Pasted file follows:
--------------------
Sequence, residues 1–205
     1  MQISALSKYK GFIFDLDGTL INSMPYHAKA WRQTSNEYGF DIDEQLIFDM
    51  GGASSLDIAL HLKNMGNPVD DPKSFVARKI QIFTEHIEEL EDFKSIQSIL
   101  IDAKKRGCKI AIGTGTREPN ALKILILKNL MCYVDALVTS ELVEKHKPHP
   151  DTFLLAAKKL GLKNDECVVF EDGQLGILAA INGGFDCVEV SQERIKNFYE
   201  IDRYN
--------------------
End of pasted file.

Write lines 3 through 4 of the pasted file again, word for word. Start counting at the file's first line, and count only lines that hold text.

    51  GGASSLDIAL HLKNMGNPVD DPKSFVARKI QIFTEHIEEL EDFKSIQSIL
   101  IDAKKRGCKI AIGTGTREPN ALKILILKNL MCYVDALVTS ELVEKHKPHP